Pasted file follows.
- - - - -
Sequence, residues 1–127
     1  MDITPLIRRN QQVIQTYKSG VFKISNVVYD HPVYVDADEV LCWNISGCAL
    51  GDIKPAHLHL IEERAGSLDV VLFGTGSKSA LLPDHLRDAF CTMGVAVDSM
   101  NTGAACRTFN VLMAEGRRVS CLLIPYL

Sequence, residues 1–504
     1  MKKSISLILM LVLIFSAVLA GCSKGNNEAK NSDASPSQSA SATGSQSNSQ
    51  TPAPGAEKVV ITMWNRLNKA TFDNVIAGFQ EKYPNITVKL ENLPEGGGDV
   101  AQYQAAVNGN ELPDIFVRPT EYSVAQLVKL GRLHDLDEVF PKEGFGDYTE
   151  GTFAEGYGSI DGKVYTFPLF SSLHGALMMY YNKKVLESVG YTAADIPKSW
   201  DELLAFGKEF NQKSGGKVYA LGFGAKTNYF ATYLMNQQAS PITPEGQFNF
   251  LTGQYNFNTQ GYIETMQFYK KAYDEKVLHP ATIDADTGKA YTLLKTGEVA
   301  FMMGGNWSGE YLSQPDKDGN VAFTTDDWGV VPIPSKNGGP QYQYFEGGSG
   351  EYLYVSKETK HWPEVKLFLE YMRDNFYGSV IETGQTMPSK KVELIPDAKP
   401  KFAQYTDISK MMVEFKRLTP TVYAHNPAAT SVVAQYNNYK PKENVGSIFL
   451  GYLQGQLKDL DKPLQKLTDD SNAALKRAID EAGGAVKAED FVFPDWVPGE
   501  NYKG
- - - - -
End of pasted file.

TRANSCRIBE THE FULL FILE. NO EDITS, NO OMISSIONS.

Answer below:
Sequence, residues 1–127
     1  MDITPLIRRN QQVIQTYKSG VFKISNVVYD HPVYVDADEV LCWNISGCAL
    51  GDIKPAHLHL IEERAGSLDV VLFGTGSKSA LLPDHLRDAF CTMGVAVDSM
   101  NTGAACRTFN VLMAEGRRVS CLLIPYL

Sequence, residues 1–504
     1  MKKSISLILM LVLIFSAVLA GCSKGNNEAK NSDASPSQSA SATGSQSNSQ
    51  TPAPGAEKVV ITMWNRLNKA TFDNVIAGFQ EKYPNITVKL ENLPEGGGDV
   101  AQYQAAVNGN ELPDIFVRPT EYSVAQLVKL GRLHDLDEVF PKEGFGDYTE
   151  GTFAEGYGSI DGKVYTFPLF SSLHGALMMY YNKKVLESVG YTAADIPKSW
   201  DELLAFGKEF NQKSGGKVYA LGFGAKTNYF ATYLMNQQAS PITPEGQFNF
   251  LTGQYNFNTQ GYIETMQFYK KAYDEKVLHP ATIDADTGKA YTLLKTGEVA
   301  FMMGGNWSGE YLSQPDKDGN VAFTTDDWGV VPIPSKNGGP QYQYFEGGSG
   351  EYLYVSKETK HWPEVKLFLE YMRDNFYGSV IETGQTMPSK KVELIPDAKP
   401  KFAQYTDISK MMVEFKRLTP TVYAHNPAAT SVVAQYNNYK PKENVGSIFL
   451  GYLQGQLKDL DKPLQKLTDD SNAALKRAID EAGGAVKAED FVFPDWVPGE
   501  NYKG